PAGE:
This is the soundbooth.
In spite of our deep love for the restaurant industry, my wife and I both want to focus on our careers. Mine is writing, so that’s what this blog is about. My wife is learning the art of the voice over, and when she sent in an audition and was told “I love your work, but the sounds of the dogs howling outside are too much,” we decided that she needed a sound booth.
Oh my goodness. I just realized that I named my blog “Ted’s Desk of 1000 Voices,” and she’s the one doing the voiceovers. We are going to have to have some negotiations.
Back to the soundbooth. Let me just say that there is a lot of information about how to build a soundbooth on the internet. There are a lot of videos on YouTube. I tried to watch them all, and then I realized that each one said something completely different. Use foam. Use cheap foam. Use expensive foam. Foam doesn’t do anything. You have to have foam but it doesn’t actually stop any sound from traveling anywhere. That was just the foam advice. I did not see any videos of foam on fire, but I am assuming that the owners of those videos were too embarrassed to publish them on YouTube.
I settled on a three layered approach. Heavy mass, space, and sound treatment. My guest and good friend Bill M. gave me the benefit of his table saw and his wisdom, and we built that thing you see in the picture there. It still needs a door and three more walls, but it makes my wife sound like an actress. And the beagles? You can still hear them. You can probably hear them in Virginia City.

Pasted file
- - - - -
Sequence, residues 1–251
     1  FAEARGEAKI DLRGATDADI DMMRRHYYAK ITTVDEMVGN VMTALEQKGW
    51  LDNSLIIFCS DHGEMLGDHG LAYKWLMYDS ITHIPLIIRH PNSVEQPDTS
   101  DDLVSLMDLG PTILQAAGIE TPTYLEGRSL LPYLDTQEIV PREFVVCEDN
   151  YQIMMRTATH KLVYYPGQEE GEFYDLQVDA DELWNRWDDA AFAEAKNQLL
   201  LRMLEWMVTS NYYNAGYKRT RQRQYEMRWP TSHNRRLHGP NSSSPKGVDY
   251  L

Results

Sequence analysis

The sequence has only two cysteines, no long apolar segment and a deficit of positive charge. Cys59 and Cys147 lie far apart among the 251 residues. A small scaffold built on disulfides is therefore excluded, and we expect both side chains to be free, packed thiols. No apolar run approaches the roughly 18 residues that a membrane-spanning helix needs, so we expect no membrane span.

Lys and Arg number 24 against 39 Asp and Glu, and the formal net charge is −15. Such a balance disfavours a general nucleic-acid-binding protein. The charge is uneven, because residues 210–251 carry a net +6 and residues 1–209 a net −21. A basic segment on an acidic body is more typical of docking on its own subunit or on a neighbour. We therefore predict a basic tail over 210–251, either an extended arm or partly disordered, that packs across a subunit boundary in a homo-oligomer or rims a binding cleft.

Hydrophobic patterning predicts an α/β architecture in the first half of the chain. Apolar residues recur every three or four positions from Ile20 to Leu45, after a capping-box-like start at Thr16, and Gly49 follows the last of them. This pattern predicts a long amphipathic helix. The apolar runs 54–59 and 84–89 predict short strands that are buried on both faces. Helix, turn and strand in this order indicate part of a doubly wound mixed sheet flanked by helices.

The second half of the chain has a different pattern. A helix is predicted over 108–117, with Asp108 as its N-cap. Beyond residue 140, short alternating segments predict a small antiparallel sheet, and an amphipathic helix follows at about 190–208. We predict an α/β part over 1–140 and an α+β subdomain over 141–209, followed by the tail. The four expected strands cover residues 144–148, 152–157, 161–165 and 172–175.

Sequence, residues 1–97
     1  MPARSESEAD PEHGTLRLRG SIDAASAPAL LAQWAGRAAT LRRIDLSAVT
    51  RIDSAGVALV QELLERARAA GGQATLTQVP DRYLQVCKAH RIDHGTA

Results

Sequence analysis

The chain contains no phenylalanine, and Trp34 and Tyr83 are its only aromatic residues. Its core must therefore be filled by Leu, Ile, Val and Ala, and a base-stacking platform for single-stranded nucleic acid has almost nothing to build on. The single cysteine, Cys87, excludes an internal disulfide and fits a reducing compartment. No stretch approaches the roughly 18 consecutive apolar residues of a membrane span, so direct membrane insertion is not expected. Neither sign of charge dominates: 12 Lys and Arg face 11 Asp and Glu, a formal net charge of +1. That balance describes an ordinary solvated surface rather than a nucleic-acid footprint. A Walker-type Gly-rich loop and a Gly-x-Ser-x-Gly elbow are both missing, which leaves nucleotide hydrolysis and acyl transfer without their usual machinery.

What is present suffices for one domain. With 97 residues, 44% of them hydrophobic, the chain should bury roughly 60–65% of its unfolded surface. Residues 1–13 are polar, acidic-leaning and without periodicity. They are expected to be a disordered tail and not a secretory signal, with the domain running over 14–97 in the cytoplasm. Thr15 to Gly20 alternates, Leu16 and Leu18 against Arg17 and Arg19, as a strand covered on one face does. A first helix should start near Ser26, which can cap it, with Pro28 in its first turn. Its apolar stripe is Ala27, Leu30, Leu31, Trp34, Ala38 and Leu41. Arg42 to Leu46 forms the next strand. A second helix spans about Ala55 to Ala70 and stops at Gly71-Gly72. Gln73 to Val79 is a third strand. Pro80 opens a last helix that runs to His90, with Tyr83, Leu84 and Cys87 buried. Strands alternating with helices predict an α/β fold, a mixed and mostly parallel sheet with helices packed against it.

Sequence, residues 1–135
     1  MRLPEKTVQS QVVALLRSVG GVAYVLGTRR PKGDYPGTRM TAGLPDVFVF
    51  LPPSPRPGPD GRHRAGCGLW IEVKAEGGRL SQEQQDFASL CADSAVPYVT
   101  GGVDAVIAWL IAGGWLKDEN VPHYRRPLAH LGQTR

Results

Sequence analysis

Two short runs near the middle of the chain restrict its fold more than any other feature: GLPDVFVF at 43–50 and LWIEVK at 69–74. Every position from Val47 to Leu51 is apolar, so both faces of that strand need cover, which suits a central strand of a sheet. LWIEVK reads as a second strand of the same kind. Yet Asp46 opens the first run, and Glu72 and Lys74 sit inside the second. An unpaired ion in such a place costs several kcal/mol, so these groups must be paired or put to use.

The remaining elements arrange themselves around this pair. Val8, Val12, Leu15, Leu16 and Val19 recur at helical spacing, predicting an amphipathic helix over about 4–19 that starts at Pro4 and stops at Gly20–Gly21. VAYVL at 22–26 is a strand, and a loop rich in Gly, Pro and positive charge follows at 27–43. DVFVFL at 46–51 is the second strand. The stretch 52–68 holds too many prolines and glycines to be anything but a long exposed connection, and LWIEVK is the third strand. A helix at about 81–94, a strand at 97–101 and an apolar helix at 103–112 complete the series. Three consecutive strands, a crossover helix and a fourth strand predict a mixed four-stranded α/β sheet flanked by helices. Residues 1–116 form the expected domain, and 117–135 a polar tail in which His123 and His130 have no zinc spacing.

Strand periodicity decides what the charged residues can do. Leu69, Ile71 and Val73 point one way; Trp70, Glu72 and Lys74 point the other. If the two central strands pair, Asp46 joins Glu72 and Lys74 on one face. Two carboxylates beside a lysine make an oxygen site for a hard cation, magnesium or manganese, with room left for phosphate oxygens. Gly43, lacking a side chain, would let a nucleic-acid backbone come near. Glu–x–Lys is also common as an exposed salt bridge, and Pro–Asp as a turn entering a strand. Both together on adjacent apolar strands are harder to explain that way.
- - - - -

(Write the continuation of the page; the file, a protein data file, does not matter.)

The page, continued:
What does all this have to do with writing, you ask?
I think that in order to write, I need the proper space, just like my wife needs a place to record her voice. It has to be a place where she feels safe, where she can concentrate, and where she knows that her voice will be accurately reproduced.
I order to write, I have to be comfortable in my space. The beagles are a distraction, but nothing like problems at work or fear of the bill collector. Of course dificulty comes with life, but the more I can minimize it the more consistent I can be at my craft. I don’t need a big picture window to look out at the world, or a giant desk carved out of marble. I don’t need to be an ex-pat in Paris, or on the beach in Hawaii. When I write, I just need the kitchen table in The Cosmic Cottage and my imagination.